He also notes one tremendous advantage of teaching a subject like Peace Studies: working with bright and passionate students who want to make a difference in the world. Another advantage to the field is the collaborative nature of Peace Studies scholarship, which creates an atmosphere of collegiality, which leads to better pedagogy, which in turn creates a better all-around educational experience for everyone involved.
While he is more focused on international Peace Studies as a discipline and in his classes, and he doesn’t typically deal with the “American stuff” as part of the official curriculum, certainly there are casual conversations that happen and parallels that may be drawn. He references Spotlight continued the Reagan and Tip O’Neill era, where you had powerful political figures who were ideologically opposed in almost every way yet still found a way to work together. “Political life was a lot less adversarial than it is now,” he adds. He questions if “raucous debate” is the way to move forward.
“Essentially, Peace Studies is about dealing with human relationships,” Arthur explains. “Peace Studies is about theory and practice.” In his own classes, he brings in work he has done, and he also invites many of the people involved in all sides of a conflict, so students have a firsthand experience to better relate to these stories. These educational experiences allow students to extrapolate wisdom from those encounters and come to their own conclusions.
Arthur adds that Peace Studies is a young discipline, interdisciplinary, and multidisciplinary. “For that reason, some people are suspicious of it as an academic subject,” he notes, imagining this would be a “kumbaya, make love not war” approach to education. Progress in the development of Peace Studies programs, Arthur believes, is seen in the “blossoming of more programs” and the quality of the students.
Maneuvering in a Space Among Extremists
As a Professor of English and Coordinator of Peace Studies at Chapman University, Richard Ruppel has been able to work closely with his esteemed and world-renowned colleague. He shares that he values Arthur’s “warmth, his humor, his wisdom, and his great talent for friendship.” Arthur’s former students echo those same praises.
A Senior Program Officer for Women, Peace and Security Programs at the Joan B. Kroc Institute for Peace & Justice, Jennifer Freeman is a former student of Arthur’s from University of Ulster. Freeman believes Arthur’s endearing persona of a “technologically challenged, absent-minded professor,” when meshed with his academic brilliance and intriguing firsthand knowledge of all the major players in Irish politics, offers a powerful, long-term impression on students. Freeman also praises his dry sense of humor, quick wit, and self-deprecating nature.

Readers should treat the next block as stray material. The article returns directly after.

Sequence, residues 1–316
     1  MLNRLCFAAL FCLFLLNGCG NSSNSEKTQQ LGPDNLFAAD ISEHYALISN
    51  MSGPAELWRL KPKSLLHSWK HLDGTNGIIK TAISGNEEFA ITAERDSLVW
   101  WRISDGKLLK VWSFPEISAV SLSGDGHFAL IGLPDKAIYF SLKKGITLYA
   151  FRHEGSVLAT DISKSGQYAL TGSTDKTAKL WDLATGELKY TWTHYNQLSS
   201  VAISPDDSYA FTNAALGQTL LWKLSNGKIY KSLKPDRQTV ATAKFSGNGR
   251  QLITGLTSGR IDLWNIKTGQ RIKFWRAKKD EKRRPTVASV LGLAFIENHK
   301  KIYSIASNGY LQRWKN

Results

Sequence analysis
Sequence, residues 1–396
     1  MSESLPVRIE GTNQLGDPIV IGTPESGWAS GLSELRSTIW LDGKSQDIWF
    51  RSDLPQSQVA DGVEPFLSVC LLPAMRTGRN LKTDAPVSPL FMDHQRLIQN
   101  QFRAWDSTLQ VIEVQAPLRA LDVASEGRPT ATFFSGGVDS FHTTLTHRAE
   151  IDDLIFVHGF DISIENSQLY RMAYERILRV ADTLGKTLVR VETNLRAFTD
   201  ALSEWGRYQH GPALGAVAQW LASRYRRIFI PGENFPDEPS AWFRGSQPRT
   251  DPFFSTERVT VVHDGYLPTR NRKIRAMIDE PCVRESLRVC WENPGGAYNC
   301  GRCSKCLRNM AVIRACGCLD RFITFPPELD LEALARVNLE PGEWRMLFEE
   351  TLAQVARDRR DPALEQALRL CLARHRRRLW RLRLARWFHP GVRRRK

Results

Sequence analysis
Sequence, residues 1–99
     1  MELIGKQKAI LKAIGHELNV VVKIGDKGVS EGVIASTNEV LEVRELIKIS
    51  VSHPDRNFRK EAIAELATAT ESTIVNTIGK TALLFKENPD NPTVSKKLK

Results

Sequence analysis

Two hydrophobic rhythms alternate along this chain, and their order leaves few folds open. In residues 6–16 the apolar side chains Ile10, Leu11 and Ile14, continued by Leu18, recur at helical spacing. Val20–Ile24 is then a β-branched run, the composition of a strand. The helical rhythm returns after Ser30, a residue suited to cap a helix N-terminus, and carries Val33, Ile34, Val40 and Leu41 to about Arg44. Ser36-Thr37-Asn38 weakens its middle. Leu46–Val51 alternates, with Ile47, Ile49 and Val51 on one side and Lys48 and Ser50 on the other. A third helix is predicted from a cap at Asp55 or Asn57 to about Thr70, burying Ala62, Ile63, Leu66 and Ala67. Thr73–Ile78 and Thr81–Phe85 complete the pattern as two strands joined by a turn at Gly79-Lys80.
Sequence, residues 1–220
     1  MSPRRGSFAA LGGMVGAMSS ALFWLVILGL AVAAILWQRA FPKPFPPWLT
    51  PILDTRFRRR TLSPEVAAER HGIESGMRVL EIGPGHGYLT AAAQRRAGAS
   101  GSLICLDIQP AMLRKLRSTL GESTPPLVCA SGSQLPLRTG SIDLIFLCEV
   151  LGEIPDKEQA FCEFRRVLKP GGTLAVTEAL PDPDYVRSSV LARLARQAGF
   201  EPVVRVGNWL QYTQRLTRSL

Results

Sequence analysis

By earning the Rotary International Ambassadorial Scholarship to work on her master’s degree, Freeman could have studied anywhere in the world and with any number of professors; she explains, “I wanted to go someplace to learn from professors, not just textbooks. He had lived the conflict and been behind the scenes.”
Freeman recalls one of the experiences Arthur shared with his students: a time he was visiting a Manhattan hotel and not being treated with kindness and courtesy- that is, until he happened to bump into Mary Robinson, the former president of Ireland, in the hotel lobby. After Robinson greeted Arthur with a warm welcome, the hotel representatives were a bit more accommodating; he was upgraded to the Robinson Suite. Freeman vividly remembers a class that met in a basement, where Arthur brought a former member of the Loyalist paramilitary to meet with the students, an encounter Freeman is unlikely to forget. Yet, when she referenced that meeting with Arthur just recently, his response was, “I did that?” Obviously, for Arthur, it was just any other day.
Freeman remembers Arthur sharing with his students that he believes his “benevolently ignorant” approach-when working with people whom others considered extremists- allowed him the room to listen and learn, which also allowed the chance to work from within to procure change and work toward peace. Because he was not presenting himself as “the expert,” he was considered less threatening and therefore was able to “maneuver that space” even among those labeled as terrorists.
The Benefit of Personal Relationships
Jennifer Freeman shares, “One of the most important facets of peacebuilding which Paul highlighted was the human nature of conflict.” She explains that while such a statement may seem obvious, when you hear academic and policy discussions in the media or other academic institutions, the focus might stay on the engagement of the states, armed non-state actors, or even organizations.